Kyoto is considered the epitome of a classical Japanese city and is a living museum of the country's rich historical and cultural traditions. A walk around the Gion district will lead you through the alleyways of Kyoto's world-renowned geisha districts, lined with historic wooden houses. With Zen gardens, stunning UNESCO World Heritage sites, temples, pavilions and tree-lined walkways, Kyoto is a photographer's dream come true – quite simply, it’s the Japan you've always imagined. Here are five iconic Kyoto sights that should be included on your itinerary.
Arashiyama Bamboo Groves
Located in the western part of Kyoto at the foot of the Arashiyama Mountain, this bamboo-lined path is an enchanting destination not to be missed. Strolling through this bamboo forest feels like entering another, more serene, world and there's something truly magical about the silence, gentle breeze and sun’s rays peeking through the green leaves. After your forest walk, find your way to Okochi Sanso, one of the finest examples of classical Japanese architecture, now designated as cultural buildings by the national government. The viewpoint from the top offers a panoramic view of Arashiyama Mountain and its surrounding areas; arrive early to avoid the multitude of tourists that turn up later in the day.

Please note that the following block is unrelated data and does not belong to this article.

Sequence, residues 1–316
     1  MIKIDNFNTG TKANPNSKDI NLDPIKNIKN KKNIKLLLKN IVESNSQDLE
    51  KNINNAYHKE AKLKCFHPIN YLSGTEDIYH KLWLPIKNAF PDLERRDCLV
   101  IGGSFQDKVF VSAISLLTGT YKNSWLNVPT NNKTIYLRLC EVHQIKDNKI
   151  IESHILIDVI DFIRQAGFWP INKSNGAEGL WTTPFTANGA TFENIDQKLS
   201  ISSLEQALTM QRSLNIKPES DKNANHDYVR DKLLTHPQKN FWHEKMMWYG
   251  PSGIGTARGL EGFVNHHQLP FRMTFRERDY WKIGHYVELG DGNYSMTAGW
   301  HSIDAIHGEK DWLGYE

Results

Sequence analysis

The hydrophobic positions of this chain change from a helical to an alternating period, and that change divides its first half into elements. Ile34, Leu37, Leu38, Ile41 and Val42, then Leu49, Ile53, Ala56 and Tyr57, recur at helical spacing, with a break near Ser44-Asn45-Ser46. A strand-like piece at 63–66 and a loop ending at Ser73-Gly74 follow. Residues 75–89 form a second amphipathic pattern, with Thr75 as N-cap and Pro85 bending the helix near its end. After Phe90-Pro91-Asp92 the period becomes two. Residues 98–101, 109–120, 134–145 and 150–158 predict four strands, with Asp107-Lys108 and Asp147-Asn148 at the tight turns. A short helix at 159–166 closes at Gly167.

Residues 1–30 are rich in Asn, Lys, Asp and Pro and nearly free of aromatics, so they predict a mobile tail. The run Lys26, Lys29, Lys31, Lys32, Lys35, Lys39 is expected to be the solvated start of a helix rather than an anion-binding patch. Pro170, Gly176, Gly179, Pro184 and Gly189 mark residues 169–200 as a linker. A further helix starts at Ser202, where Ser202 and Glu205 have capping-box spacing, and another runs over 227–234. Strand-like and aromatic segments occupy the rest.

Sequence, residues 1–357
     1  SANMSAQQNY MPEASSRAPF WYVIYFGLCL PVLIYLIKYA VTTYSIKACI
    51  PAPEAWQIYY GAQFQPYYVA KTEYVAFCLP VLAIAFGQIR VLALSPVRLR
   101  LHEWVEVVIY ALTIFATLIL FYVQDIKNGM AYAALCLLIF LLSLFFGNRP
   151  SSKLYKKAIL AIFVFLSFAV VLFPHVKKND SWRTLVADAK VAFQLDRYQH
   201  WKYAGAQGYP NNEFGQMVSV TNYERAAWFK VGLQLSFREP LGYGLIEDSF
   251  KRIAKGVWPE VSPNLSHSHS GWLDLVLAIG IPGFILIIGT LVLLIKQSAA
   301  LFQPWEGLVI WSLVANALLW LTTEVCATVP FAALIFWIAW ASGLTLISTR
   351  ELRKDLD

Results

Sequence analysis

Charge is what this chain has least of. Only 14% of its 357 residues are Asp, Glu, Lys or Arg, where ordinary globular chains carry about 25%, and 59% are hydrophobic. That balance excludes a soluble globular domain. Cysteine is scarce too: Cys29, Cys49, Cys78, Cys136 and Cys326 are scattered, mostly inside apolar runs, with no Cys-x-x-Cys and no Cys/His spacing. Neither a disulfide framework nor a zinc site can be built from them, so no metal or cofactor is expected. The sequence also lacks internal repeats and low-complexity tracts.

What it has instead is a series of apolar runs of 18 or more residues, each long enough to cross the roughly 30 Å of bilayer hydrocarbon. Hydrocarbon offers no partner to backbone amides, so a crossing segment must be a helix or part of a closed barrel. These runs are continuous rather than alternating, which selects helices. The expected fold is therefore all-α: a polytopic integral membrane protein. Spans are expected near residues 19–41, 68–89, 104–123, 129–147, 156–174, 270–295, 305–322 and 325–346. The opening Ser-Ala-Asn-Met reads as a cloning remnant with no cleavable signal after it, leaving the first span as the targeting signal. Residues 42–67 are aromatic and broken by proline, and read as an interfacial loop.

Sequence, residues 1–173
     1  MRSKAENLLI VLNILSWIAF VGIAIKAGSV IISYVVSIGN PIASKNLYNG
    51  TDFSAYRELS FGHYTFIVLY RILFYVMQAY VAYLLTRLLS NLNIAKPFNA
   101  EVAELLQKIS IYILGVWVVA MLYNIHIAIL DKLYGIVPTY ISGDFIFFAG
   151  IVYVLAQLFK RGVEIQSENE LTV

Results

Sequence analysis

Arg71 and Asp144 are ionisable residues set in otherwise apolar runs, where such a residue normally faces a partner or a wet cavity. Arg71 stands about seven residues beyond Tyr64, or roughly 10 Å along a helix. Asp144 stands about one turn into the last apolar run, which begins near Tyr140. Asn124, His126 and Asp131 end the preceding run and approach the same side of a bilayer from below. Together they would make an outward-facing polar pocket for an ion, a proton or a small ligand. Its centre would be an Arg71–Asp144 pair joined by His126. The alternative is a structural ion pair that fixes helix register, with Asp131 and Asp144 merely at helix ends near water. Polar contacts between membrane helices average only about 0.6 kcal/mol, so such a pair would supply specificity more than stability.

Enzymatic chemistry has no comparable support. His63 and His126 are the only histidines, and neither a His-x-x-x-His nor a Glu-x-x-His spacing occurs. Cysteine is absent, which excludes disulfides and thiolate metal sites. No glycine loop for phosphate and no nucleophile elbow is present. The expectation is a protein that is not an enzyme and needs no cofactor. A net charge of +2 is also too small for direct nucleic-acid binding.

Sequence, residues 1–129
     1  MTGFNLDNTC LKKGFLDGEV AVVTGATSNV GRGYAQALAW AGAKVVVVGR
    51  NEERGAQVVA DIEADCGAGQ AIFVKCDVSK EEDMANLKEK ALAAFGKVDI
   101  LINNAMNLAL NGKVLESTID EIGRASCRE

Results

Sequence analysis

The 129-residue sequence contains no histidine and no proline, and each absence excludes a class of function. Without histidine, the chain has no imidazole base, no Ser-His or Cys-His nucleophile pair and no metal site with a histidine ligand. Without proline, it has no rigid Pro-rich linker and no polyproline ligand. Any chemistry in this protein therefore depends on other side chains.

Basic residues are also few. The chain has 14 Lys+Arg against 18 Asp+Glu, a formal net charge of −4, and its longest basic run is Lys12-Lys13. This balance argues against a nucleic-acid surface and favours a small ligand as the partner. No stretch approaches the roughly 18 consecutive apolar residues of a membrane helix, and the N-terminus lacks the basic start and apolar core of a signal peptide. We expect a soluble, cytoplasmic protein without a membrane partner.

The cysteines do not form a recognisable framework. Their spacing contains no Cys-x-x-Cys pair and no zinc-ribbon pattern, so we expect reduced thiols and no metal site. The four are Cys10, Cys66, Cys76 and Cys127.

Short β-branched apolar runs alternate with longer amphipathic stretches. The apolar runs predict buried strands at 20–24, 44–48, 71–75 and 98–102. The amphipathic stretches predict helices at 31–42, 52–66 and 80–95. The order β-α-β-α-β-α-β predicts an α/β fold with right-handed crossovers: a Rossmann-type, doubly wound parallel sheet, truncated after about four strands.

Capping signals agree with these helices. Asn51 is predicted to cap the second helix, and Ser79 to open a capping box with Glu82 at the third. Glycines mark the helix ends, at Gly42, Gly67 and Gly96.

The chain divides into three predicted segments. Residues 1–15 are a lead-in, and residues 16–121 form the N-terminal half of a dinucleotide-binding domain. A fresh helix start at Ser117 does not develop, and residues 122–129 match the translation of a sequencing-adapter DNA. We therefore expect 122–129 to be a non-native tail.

Fushimi Inari Shrine
Located at the base of Inari Mountain in southern Kyoto, with a path that leads into the forest at the mountain’s base, this sacred spot is famous for its thousands of traditional red torii gates, which are usually found at the entrance to a Shinto shrine. Fushimi Inari’s gates were donated by companies and organisations giving thanks for past prosperity, along with prayers for future good fortune, and a visit to the shrine at dusk makes for a solemn experience.
This Zen Buddhist temple epitomises classical Kyoto architecture. The Golden Pavilion is a stunning three-storey gilded reliquary hall, situated on the hills of Kitayama at the edge of the large and picturesque Kyoko-chi Pond. Originally built as a villa for the aristocratic Saionji family, it was offered to the third Shogun of the Ashikaga Shogunate, Yoshimitsu Ashikaga in 1397. After his death, the villa was converted into its current format as the Golden Pavilion, or Rokuon-ji.
Ryoanji Temple & Rock Garden
This temple's main attraction is its rock garden, which is the most famous of its kind in Japan. Consisting of a rectangle of immaculately raked white gravel on which 15 rocks are arranged, this “garden” is actually devoid of all vegetation save for a few splashes of moss, and is enclosed by a mottled earthen wall.
Path of Philosophy
This cherry-tree lined path was given its name by the philosopher Kitaro Nishida, who used to walk along the path while meditating. Wandering this tranquil path amongst a sea of pink-white blossoms, you’ll see interesting shops, temples and the beautiful Silver Pavilion (which actually doesn’t have any silver features!), along with its attractive garden setting.